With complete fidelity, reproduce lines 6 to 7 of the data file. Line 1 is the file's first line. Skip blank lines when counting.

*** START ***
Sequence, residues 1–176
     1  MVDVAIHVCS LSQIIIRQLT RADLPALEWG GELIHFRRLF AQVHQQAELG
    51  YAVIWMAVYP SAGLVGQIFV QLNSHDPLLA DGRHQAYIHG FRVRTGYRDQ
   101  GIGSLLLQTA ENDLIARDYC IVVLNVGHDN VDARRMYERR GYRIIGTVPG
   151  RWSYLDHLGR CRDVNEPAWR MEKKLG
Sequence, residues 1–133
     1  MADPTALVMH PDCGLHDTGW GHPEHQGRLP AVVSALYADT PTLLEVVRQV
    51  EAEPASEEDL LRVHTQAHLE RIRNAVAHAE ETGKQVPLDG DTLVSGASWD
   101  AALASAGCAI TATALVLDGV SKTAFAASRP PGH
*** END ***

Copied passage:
Sequence, residues 1–133
     1  MADPTALVMH PDCGLHDTGW GHPEHQGRLP AVVSALYADT PTLLEVVRQV